„No let it stay,“ said the other boy, „it looks so pretty.“

And so it stayed, and was brought into the lark’s cage. The poor bird was lamenting its lost liberty, and beating its wings against the wires; and the little daisy could not speak or utter a consoling word, much as it would have liked to do so. So the forenoon passed.

„I have no water,“ said the captive lark, „they have all gone out, and forgotten to give me anything to drink. My throat is dry and burning. I feel as if I had fire and ice within me, and the air is so oppressive. Alas! I must die, and part with the warm sunshine, the fresh green meadows, and all the beauty that God has created.“ And it thrust its beak into the piece of grass, to refresh itself a little. Then it noticed the little daisy, and nodded to it, and kissed it with its beak and said: „You must also fade in here, poor little flower. You and the piece of grass are all they have given me in exchange for the whole world, which I enjoyed outside. Each little blade of grass shall be a green tree for me, each of your white petals a fragrant flower. Alas! you only remind me of what I have lost.“

„I wish I could console the poor lark,“ thought the daisy. It could not move one of its leaves, but the fragrance of its delicate petals streamed forth, and was much stronger than such flowers usually have: the bird noticed it, although it was dying with thirst, and in its pain tore up the green blades of grass, but did not touch the flower.

The evening came, and nobody appeared to bring the poor bird a drop of water. It opened its beautiful wings, and fluttered about in its anguish; a faint and mournful „Tweet, tweet,“ was all it could utter, then it bent its little head towards the flower, and its heart broke for want and longing. The flower could not, as on the previous evening, fold up its petals and sleep. It dropped sorrowfully. The boys only came the next morning. When they saw the dead bird, they began to cry bitterly, dug a nice grave for it, and adorned it with flowers. The bird’s body was placed in a pretty red box. They wished to bury it with royal honours. While it was alive and sang they forgot it, and let it suffer want in the cage; now, they cried over it and covered it with flowers. The piece of turf, with the little daisy in it, was thrown out on the dusty highway. Nobody thought of the flower which had felt so much for the bird and had so greatly desired to comfort it.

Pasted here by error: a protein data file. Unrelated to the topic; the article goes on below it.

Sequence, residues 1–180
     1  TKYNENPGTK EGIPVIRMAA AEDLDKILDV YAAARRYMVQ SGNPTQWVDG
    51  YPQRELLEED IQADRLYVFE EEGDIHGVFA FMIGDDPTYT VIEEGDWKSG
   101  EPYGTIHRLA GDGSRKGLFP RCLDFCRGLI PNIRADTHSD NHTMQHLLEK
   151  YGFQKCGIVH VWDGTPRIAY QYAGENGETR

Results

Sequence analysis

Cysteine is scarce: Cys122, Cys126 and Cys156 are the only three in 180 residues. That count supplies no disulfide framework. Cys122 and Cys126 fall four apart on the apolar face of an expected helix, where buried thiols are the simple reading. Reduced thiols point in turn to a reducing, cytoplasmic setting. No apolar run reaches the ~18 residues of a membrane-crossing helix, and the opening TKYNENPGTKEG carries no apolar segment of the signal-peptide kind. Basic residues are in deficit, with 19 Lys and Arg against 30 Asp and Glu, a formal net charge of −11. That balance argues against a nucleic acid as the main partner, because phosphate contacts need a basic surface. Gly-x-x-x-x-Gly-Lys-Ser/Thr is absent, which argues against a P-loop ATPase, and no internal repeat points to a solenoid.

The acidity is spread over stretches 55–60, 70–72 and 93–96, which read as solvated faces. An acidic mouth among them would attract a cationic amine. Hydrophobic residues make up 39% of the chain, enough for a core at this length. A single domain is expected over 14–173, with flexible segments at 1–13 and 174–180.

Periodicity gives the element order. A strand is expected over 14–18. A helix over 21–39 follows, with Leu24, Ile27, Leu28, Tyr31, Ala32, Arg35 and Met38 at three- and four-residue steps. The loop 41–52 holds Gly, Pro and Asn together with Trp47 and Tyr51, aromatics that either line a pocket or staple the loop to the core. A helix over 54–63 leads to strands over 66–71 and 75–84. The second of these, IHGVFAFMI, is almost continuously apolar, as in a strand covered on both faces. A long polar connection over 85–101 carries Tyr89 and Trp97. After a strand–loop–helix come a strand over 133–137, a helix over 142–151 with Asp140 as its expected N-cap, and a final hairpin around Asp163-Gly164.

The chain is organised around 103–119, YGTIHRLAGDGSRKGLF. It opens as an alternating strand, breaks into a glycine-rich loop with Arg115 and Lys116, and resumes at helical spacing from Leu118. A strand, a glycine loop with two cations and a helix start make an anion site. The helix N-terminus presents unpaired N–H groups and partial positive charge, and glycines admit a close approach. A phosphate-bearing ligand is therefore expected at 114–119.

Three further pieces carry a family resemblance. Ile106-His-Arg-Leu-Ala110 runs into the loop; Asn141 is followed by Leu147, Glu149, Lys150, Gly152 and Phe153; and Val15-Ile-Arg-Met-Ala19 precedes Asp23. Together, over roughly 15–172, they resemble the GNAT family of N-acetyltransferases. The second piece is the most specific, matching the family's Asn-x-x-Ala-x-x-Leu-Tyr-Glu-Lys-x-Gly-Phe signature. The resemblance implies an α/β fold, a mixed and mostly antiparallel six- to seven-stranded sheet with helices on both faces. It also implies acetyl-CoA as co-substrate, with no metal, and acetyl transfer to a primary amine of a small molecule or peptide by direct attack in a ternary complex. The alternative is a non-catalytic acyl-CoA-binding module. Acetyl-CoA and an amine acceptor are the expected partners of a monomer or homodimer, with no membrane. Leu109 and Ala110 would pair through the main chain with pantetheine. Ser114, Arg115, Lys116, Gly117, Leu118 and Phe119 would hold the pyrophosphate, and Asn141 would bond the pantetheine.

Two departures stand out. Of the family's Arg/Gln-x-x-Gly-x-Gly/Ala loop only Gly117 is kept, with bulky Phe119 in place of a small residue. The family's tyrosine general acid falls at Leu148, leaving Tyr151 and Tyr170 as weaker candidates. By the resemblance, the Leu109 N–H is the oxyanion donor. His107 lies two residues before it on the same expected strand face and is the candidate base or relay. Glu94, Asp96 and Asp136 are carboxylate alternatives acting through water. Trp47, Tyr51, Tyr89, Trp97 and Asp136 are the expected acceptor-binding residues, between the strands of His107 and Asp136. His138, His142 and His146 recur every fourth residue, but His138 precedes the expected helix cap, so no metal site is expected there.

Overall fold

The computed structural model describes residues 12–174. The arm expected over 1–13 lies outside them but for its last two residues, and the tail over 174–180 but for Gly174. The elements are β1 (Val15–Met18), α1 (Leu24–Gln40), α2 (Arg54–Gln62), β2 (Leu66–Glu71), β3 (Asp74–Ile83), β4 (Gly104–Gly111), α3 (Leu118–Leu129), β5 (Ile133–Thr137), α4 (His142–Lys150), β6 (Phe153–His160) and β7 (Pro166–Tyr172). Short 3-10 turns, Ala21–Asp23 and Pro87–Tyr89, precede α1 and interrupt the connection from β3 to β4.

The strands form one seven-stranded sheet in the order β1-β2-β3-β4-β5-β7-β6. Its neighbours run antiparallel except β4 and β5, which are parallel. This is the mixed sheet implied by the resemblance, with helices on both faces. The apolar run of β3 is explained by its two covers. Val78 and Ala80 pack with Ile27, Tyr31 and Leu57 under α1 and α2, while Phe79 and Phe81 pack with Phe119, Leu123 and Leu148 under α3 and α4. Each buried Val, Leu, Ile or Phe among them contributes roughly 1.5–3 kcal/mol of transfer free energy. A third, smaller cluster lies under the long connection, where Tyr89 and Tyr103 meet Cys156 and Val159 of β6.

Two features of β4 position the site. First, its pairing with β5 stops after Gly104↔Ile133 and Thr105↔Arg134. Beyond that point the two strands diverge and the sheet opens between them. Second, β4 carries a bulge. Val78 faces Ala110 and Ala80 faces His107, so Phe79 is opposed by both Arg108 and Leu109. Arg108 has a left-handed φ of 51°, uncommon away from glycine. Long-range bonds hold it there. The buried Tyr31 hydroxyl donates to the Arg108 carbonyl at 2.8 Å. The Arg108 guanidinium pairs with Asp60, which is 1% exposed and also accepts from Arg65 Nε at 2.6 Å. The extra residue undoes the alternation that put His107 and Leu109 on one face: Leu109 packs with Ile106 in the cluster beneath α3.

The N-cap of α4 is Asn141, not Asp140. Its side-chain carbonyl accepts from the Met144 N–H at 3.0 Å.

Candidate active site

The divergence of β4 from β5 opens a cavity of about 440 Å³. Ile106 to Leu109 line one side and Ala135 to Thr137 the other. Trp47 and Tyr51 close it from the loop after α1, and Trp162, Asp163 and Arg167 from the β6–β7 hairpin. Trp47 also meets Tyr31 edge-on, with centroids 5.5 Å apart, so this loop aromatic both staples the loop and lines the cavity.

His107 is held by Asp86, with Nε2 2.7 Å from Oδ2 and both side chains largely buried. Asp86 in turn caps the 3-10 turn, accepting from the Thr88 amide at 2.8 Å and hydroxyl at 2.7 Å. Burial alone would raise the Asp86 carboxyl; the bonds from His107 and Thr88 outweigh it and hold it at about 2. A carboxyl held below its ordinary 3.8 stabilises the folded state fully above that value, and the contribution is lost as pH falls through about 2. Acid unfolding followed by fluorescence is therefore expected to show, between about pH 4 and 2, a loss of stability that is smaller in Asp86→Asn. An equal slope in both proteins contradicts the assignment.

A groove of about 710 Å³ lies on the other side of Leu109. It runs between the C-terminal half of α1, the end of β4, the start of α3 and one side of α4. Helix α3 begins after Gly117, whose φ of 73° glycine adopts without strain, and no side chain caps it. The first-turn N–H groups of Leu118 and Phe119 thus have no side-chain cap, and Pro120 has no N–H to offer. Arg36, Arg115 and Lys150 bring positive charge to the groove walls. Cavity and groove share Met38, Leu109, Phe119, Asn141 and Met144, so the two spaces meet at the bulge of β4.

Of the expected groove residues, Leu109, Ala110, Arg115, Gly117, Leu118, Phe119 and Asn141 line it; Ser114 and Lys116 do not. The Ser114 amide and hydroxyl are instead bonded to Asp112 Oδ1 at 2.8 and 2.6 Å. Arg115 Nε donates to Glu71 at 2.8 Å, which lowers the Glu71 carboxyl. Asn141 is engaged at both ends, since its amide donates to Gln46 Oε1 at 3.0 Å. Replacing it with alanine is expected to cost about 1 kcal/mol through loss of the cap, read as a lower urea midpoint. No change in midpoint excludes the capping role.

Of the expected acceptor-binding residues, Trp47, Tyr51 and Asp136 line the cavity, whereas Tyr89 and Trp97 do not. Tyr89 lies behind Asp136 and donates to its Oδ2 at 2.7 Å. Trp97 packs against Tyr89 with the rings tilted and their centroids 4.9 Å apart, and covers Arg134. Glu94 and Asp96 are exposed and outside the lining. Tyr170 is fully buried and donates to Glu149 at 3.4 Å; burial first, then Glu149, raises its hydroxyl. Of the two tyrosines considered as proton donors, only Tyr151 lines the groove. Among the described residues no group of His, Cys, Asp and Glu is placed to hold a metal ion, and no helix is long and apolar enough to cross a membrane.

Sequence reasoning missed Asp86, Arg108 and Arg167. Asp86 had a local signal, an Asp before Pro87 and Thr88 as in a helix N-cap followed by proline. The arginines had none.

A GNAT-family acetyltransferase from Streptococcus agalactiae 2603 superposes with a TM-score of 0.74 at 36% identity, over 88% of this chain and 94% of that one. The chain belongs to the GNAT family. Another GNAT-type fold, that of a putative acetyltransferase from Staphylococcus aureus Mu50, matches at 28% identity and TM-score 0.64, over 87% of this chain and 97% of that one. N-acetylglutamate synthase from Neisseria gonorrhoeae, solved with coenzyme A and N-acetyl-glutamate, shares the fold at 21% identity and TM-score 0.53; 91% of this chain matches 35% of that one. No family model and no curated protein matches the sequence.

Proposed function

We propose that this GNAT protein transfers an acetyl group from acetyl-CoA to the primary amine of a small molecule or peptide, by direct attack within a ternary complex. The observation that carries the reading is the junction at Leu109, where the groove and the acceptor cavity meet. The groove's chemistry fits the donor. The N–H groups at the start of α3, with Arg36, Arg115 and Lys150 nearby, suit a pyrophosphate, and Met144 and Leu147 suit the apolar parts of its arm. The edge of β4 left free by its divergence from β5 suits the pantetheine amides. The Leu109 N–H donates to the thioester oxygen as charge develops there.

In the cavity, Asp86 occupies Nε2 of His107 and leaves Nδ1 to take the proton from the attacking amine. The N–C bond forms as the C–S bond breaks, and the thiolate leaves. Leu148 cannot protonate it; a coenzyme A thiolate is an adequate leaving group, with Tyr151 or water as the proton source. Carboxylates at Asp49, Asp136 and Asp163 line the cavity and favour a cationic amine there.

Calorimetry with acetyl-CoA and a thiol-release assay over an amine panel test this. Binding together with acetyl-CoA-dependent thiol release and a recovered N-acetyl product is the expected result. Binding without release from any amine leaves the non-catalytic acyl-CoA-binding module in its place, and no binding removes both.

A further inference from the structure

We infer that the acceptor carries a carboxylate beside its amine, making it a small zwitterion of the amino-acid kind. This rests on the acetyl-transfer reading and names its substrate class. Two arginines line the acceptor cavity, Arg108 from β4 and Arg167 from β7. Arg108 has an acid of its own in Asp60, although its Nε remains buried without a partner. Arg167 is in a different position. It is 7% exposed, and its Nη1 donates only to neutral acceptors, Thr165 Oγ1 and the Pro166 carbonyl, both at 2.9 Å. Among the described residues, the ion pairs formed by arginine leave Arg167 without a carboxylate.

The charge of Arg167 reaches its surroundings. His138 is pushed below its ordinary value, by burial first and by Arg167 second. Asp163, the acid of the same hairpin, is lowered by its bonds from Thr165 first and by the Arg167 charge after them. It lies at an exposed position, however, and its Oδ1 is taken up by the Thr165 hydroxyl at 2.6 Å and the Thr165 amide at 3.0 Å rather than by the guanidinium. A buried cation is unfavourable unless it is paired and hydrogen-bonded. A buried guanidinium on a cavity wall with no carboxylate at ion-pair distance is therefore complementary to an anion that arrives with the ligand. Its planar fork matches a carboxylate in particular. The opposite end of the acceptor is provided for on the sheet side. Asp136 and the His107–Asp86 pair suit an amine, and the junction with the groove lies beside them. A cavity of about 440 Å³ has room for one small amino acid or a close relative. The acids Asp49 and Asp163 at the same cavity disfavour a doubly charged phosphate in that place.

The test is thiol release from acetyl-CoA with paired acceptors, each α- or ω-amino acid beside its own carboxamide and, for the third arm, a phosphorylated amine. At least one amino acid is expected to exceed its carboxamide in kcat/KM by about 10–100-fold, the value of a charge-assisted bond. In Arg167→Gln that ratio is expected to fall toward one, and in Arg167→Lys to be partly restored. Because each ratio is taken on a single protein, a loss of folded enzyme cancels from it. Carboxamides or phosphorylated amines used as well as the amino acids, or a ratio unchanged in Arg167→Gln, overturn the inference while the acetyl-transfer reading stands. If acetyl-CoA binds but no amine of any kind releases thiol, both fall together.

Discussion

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Backgrounds to fairy tale „The daisy“

„The Daisy“ is a lesser-known fairy tale by Hans Christian Andersen, first published in 1861. Like many of Andersen’s stories, „The Daisy“ reflects his gift for creating imaginative tales that resonate with readers of all ages. The story follows the life of a daisy in a meadow, observing the world around it and interacting with various creatures, ultimately teaching valuable lessons about life, love, and the passage of time.

Background and Origins:

Literary influences: Andersen was known for his original fairy tales, which often featured elements of fantasy and anthropomorphism. In „The Daisy,“ he uses the perspective of a flower to tell a touching and philosophical story, displaying his talent for crafting unique narratives.

Cultural context: „The Daisy“ was written during the 19th century, a period marked by a fascination with fairy tales, folklore, and nature. As part of the Romantic movement, Andersen’s stories celebrated emotion, imagination, and the beauty of the natural world. „The Daisy“ fits well within this context, as it centers on the experiences of a simple flower and its observations of the world around it.

Personal experiences: Andersen’s own life experiences often influenced the themes and characters in his stories. As someone who grew up in poverty, he was deeply familiar with the struggles and sorrows of everyday life. The story of the daisy, which faces both joy and hardship as it watches the world around it, may reflect Andersen’s own experiences and emotions.

Love for nature: Andersen had a deep appreciation for nature, which he frequently incorporated into his stories. „The Daisy“ is a prime example of this, as the entire narrative revolves around the life of a flower in a meadow, interacting with the birds and insects that inhabit its surroundings. The story showcases the beauty and complexity of the natural world and encourages readers to appreciate its wonders.

„The Daisy“ tells the story of a humble daisy in a meadow, observing the lives of other creatures and learning important life lessons along the way. Though not as famous as some of Andersen’s other works, the tale demonstrates his ability to weave enchanting stories that celebrate the beauty of nature and explore the human experience.

Interpretations to fairy tale „The daisy“

„The Daisy“ by Hans Christian Andersen is a rich and philosophical tale that can be interpreted in various ways. Some of the most common interpretations include:

The cycle of life and death: The story of the daisy is a reminder of the transient nature of life. As the daisy witnesses the lives of the creatures around it, it learns that life is both beautiful and fleeting. The story encourages readers to appreciate the beauty and value of every moment.